rRNA/rDNA and looking for active taxa in microbial communities

During my scientific research, many of experiments did not work, some of my hypotheses were wrong, and sometimes I got negative results.

One of these studies where I had high expectations, but I did not get interesting results was years ago during my PhD. There I attempted to identify the metabolically active taxa in a biofilm community, by sequencing ribosomes, i.e. ribosomal rRNA (rRNA). This is because cells need ribosomes to make proteins, and for some Proteobacteria it has been observed that their ribosomal content increases when they are growing. A theoretical advantage of this approach is that is has the potential to distinguish metabolically active, dormant and dead populations, something that ribosomal rRNA gene (rDNA) cannot achieve.

Active 😀yesyes
Dormant 😴yeslow
Dead 💀yesno

If 5% of your community in your rRNA dataset species belongs to species X, then we could think that species X is metabolically active. We are detecting their ribosomes. However, the rRNA values you get will depend in (1) the average number of ribosomes your population have, and (2) the abundance of your population. So maybe species X could be very abundant, but it could have a low ribosomal content.

A workaround around this problem is to normalize your rRNA values by the relative abundance of a taxa in your community. These are the so-called rRNA:rDNA ratios. This method was widely used during the 2010s to identify active taxa in all kinds of microbial communities like soil, water, atmosphere, and wastewater bioreactors. However, that approach is far from being perfect. (For a discussion on the topic the read the paper by the Steven Blazewicz et al: https://www.nature.com/articles/ismej2013102)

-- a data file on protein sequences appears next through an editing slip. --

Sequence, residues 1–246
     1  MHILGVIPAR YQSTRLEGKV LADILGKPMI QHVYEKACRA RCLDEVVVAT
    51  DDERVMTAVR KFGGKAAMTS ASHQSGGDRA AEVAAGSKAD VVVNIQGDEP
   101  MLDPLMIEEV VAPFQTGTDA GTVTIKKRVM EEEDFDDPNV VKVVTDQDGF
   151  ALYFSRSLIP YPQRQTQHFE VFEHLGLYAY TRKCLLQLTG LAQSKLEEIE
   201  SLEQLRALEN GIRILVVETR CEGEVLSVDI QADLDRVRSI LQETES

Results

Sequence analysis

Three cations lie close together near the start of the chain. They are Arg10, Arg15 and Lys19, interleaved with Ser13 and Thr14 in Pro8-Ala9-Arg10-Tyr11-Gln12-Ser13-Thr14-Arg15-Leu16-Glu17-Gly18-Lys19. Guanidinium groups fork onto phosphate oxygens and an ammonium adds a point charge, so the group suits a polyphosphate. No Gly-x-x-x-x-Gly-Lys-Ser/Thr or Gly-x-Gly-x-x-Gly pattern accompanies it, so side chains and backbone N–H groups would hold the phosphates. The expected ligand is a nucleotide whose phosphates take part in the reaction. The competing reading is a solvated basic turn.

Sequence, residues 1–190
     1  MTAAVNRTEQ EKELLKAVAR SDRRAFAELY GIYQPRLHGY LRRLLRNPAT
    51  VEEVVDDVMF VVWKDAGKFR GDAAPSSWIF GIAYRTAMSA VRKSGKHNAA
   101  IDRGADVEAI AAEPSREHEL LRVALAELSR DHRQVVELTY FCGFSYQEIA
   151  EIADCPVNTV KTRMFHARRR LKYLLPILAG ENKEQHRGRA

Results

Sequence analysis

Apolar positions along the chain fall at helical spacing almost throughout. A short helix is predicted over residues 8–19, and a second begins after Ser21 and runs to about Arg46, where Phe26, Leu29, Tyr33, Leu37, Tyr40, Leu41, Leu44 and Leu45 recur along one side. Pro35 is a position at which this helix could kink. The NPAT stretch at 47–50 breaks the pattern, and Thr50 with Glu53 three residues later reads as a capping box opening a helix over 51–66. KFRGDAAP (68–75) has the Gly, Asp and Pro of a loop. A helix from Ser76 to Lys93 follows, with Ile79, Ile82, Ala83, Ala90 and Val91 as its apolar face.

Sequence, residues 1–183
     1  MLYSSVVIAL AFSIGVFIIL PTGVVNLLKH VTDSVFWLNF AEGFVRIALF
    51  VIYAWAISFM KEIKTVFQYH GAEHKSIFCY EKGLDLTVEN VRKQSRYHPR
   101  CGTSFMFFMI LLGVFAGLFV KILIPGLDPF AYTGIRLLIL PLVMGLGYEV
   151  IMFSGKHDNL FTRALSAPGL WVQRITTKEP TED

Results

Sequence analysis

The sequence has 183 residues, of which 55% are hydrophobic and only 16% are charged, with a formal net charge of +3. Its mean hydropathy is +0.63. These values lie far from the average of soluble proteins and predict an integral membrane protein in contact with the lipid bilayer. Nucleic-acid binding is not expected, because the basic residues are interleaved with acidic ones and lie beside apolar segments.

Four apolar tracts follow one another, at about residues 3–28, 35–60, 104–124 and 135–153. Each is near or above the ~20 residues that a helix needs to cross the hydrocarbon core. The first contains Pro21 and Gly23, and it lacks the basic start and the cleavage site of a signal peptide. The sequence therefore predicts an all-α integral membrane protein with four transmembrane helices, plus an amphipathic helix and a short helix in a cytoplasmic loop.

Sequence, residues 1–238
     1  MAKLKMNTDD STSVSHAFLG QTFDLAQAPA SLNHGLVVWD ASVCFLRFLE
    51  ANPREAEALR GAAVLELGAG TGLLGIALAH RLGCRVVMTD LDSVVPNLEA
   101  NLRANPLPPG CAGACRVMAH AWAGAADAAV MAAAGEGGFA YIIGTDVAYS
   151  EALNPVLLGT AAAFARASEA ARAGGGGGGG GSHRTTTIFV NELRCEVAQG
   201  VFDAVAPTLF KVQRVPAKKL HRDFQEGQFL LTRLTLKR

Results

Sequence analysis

Sequencing rDNA and rRNA

In my PhD, we used rRNA sequencing to identify active taxa in biofilms from a wastewater bioreactor. In the plot below rDNA and rRNA are compared, with the diagonal line showing an rDNA:rRNA of one. We observed that some taxa like Firmicutes (the pink dots) had high rDNA:rRNA, while others like Acidobacteria (the light blue dots) had low rDNA:rRNA ratios.

So, what do rDNA:rRNA ratios mean? Traditionally it has been assumed that rRNA:rDNA values higher than one are an indication of activity. In other words, taxa overrepresented in the rRNA library are metabolically active. Values lower than one would indicate dormant taxa. But the rDNA:rRNA ratio of one is an arbitrary threshold and it might lead to underestimation of active taxa, as reported by Blaire Steven et al (https://doi.org/10.1128/AEM.00696-17)

Maybe sequencing rRNA is not the best approach

Katerina Papp et al (https://doi.org/10.1128/AEM.02441-17) showed that rRNA:rDNA ratios are a poor proxy to ribosomal production. By using stable isotope probing they quantified ribosomal production and found that sequencing and rRNA:rDNA ratios did not correlate with ribosomal production. Most taxa were producing ribosomes, and thus this supports that rRNA:rDNA ratios underestimate active taxa.

Sequencing of rRNA might not be a valid approach to estimate the activity of a population. Still, it can be useful to sequence ribosomes. For example, Søren M Karst et al (https://doi.org/10.1038/nbt.4045) used a primer-free approach to sequence rRNA, which allow them to identify novel taxa.

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